ISSN: 1391 - 0531
Sunday, March 04, 2007
Vol. 41 - No 40
Columns - Issue of the week

Musharraf faces regime change

By Ameen Izzadeen

It looks like a regime change in Pakistan is on the cards. US foreign policy does not recognize the hallowed principle of non-interference in the affairs of other countries. It promotes a regime change either when the services of the government in the target country are no longer necessary or when the government does not dance to the tune of America.

It has happened before and sometimes under mysterious circumstances. Gen. Zia ul-Haq was a military dictator who captured power in a 1977 coup, ousting and executing democratically-elected tyrant Zulfikar Ali Bhutto. Instead of punishing Pakistan with aid cut or similar sanctions, Western nations mollycoddled Zia's military regime, because they wanted a powerful leader in Pakistan to fight the Soviet occupation of Afghanistan. But by 1988, Zia became a problem and had outlived his usefulness, as the Soviets were scaling down their operations in Afghanistan in preparation for a pullout. Zia died in a mysterious plane crash just like the former anti-British and anti-West Iraqi king Ghazi I in 1939.

U.S. Vice President Dick Cheney, left, shakes hands with Pakistani President Gen. Pervez Musharraf prior to their meeting in Islamabad on Monday.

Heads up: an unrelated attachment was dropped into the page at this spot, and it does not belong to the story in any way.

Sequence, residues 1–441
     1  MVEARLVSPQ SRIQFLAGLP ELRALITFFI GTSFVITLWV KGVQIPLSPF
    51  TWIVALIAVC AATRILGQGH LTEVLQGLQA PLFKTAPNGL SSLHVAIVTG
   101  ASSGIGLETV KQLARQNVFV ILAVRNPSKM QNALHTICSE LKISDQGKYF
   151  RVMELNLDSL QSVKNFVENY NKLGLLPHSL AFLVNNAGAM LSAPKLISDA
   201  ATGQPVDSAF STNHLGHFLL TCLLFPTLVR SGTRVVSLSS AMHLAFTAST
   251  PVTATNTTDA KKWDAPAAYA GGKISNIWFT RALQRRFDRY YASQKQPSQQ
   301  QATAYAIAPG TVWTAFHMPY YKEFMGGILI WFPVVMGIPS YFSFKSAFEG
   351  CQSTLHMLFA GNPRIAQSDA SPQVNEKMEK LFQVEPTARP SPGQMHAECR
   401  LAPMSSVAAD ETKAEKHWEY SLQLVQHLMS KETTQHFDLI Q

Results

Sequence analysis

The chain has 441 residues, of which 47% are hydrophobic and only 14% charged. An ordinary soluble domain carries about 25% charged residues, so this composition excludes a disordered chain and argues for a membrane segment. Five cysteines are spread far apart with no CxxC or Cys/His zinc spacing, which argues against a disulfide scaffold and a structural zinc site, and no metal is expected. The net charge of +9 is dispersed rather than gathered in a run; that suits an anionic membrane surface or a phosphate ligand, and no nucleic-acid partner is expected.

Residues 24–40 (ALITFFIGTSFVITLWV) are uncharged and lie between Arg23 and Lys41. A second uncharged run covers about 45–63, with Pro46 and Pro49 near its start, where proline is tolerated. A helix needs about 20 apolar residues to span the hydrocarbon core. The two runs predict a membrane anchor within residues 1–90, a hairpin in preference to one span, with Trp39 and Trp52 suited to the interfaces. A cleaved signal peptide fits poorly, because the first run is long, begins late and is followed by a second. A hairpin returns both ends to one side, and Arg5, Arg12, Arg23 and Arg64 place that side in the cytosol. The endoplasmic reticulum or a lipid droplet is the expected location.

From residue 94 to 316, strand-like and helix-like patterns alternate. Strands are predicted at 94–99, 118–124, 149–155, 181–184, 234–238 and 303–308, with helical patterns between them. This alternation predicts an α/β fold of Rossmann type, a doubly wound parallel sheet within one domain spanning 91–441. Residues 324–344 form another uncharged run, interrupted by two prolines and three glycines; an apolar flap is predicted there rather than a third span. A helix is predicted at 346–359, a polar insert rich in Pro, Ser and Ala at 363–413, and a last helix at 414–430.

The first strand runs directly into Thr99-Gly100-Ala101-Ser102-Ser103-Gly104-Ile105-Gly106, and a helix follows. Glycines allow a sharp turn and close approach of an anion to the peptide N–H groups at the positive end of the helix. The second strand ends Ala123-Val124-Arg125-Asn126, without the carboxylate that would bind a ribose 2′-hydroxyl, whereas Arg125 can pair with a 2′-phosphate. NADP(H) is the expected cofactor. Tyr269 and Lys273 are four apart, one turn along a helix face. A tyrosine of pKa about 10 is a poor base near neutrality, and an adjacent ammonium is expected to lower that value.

Some analysts — let's call them conspiracy theorists to placate the Americans — say that the CIA engineered the plane crash by placing a bomb in a crate of mangoes. Others, including John Gunther Dean, former US ambassador to India, say Israeli secret service Mossad was behind the plane crash. Ghazi, a staunch pan-Arab nationalist who opposed the British military presence in Iraq died in a car crash. Even today Iraqis believe the king was killed on the orders of strongman cum traitor Nuri as-Said, the British puppet whom Iraqis love to hate. History is replete with examples where regimes and rulers were used by powerful countries and then discarded or eliminated depending on their political exigency.

Will Pakistan's military President, Pervez Musharraf face a similar fate? Musharraf appears to be a hard nut. He is not unaware of the fate that befell Zia ul-Haq. So he knows to play the game according to western rules and also knows to change the rules to protect his regime and what he perceives to be Pakistan's interest. And the West too knows about the way Musharraf plays the game.

In his autobiography "In the Line of Fire" Musharraf explains why he joined George W. Bush's war on terror and agree to hunt down the Taliban, the very militia Pakistan formed, nurtured and backed to the hilt. Musharraf said that after the Sept. 11 attacks the United States threatened to bomb Pakistan if it did not cooperate with America's war on terror.

"One has to think and take actions in the interest of the nation, and that's what I did," Musharraf told a CBS interview ahead of the book launch.

Little wonder the Americans have been, since the beginning of the so-called war on terror, dissatisfied with Musharraf's cooperation. Although Pakistan has joined Bush's war on terror, Musharraf is not a willing partner. He is not a member of the Afghan version of the so-called coalition of the willing — a term Bush uses to describe the gang of lackeys who joined him to invade Iraq in order to get economic benefits or collect the crumbs falling from the US table.